Becoming a dual citizen: the easiest and hardest countries
For expats, a second passport from your new country can be really useful and open up more opportunities. In some countries it’s really easy to gain dual citizenship, in others it’s more complicated and in some it is impossible.
Dual citizenship is when a person is recognised as a citizen in two countries. Having dual citizenship can provide an expat with extra security: easier access to investment opportunities; more employment options; voting rights; sometimes extra tax benefits.
Unfortunately, not all countries allow dual citizenship. In some cases, the country you are living in may not accept dual citizenship. In other cases, it may be your home country that prevents you from holding dual citizenship. For a full list of where dual citizenship is and is not allowed, click here.
For those who can apply for dual citizenship, here are some of the easiest and hardest countries to get a second passport in.
Easiest countries to obtain dual citizenship
One of the easiest countries to gain dual citizenship is Paraguay. If you have lived in the country for three years and have around 35 million PYG in your bank account, Paraguayan citizenship can be yours. Even better, during those three years of residency, you only have to live in the country for a minimum of 183 days per year.
Becoming a dual citizen in Ireland is quite easy, especially if you have Irish ancestors as you just need to apply for citizenship through the Foreign Birth Register.
In other cases, you can obtain dual citizenship by becoming an Irish citizen through naturalization. To be eligible, you need to have been a resident in Ireland for at least five years or have been married to an Irish citizen for three years.
Obtaining dual citizenship in Italy is similar to Ireland, but the rules are a bit tighter. If you have an Italian parent or grandparent, you can apply for Italian citizenship. You can also apply for citizenship if you have been married to an Italian citizen and lived in Italy for two years.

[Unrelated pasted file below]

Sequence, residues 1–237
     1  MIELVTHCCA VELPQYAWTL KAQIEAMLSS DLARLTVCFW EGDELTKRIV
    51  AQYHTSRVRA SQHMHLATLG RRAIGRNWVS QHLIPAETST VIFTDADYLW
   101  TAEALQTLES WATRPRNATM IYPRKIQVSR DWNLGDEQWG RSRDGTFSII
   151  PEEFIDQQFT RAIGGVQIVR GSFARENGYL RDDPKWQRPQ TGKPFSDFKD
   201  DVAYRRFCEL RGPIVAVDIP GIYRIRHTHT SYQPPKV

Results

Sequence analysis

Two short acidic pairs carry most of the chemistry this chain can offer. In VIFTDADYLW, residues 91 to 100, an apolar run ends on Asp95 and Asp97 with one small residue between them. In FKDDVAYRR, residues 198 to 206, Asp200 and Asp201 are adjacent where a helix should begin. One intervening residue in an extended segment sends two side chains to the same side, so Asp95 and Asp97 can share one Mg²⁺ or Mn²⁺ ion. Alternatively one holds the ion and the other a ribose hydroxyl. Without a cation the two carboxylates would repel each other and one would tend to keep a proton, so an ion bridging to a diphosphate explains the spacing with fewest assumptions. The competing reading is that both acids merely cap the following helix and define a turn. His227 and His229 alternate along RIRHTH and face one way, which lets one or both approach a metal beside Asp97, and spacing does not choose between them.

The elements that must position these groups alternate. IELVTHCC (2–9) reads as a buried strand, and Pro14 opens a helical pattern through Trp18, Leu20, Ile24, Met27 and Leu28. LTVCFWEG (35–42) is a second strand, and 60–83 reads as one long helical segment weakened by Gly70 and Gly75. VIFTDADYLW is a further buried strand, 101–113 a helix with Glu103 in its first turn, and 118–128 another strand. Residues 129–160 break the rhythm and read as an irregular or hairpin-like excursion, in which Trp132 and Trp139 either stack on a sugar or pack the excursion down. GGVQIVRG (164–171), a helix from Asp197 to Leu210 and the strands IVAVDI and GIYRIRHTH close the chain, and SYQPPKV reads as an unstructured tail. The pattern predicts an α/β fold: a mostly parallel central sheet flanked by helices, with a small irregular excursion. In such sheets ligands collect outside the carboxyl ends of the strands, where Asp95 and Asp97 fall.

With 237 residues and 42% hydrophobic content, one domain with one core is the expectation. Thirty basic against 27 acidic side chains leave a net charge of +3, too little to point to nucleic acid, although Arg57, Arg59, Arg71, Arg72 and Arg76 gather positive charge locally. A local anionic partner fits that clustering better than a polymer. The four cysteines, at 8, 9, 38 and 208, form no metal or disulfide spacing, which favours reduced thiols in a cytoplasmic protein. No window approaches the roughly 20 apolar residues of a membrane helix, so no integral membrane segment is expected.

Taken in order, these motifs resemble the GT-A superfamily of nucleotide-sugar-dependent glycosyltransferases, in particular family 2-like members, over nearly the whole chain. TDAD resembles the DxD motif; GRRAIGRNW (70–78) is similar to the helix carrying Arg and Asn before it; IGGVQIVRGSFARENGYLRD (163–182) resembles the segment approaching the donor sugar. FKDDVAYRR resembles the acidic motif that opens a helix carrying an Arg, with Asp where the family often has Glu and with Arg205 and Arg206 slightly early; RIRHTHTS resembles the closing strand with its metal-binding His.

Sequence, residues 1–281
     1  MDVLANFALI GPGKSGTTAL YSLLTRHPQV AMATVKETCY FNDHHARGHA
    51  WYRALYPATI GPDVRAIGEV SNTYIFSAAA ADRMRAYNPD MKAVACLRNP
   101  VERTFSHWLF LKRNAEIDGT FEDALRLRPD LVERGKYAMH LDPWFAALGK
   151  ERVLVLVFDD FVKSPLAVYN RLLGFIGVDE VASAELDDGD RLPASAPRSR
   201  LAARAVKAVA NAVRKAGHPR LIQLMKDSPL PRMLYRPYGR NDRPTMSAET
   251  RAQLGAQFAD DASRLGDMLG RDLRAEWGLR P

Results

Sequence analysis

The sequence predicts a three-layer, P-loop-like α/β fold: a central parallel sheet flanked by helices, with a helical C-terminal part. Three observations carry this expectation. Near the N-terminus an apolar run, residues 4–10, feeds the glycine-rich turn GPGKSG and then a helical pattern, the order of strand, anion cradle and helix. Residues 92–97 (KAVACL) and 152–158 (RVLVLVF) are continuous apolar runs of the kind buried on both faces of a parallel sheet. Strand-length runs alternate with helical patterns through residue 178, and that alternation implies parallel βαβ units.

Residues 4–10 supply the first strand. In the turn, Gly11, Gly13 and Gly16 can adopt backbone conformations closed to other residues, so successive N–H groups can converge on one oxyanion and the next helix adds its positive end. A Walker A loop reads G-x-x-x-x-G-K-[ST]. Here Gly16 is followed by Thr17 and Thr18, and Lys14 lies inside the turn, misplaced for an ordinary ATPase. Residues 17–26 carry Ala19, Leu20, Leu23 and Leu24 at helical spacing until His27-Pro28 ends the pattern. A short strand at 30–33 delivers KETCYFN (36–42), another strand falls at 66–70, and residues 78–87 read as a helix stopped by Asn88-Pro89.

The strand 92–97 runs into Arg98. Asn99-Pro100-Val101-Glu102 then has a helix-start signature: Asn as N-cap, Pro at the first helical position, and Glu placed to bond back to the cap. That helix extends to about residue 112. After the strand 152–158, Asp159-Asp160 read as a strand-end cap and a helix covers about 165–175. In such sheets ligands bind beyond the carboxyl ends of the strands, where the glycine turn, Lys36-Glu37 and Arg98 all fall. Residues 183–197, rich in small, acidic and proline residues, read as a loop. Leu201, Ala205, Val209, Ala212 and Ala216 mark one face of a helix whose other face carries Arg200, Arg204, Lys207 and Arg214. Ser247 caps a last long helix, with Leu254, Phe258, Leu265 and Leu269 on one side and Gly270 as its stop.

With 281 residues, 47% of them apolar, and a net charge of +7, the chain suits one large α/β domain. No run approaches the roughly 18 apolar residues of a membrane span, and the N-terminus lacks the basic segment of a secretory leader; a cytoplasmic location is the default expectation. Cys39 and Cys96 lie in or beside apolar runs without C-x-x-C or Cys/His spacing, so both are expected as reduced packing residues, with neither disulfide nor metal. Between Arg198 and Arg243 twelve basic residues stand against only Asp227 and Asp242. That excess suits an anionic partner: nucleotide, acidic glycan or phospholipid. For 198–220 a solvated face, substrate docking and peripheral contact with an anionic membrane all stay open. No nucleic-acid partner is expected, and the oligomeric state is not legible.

Obtaining citizenship based on residency depends on your nationality. If you are from an EU member country, you can apply for Italian citizenship after residing in Italy for four years. If you are a national of a non-EU country, you need to have resided in Italy for at least 10 years before you can apply.
Hardest countries to obtain dual citizenship
The Netherlands only allows dual citizenship in two cases: if you are married to, or the recognised partner of, a Dutch citizen (for at least 3 years), or if you are a recognised refugee.
Spain permits dual citizenship under limited circumstances: your eligibility is determined by your nationality. If you are a citizen of Andorra, Portugal, the Philippines, Equatorial Guinea and countries in Latin-America, you can apply for dual citizenship in Spain.
Dual citizenship in Switzerland is allowed but it is quite difficult to obtain. To gain dual citizenship you must:
- have lived in the country for 12 years
- have level B1 (spoken) in German, French, Italian or Romansch
- demonstrate you have integrated into the Swiss way of life
You can also gain dual citizenship if you have been married to a Swiss citizen for 3 years and have lived in the country for at least 5 years.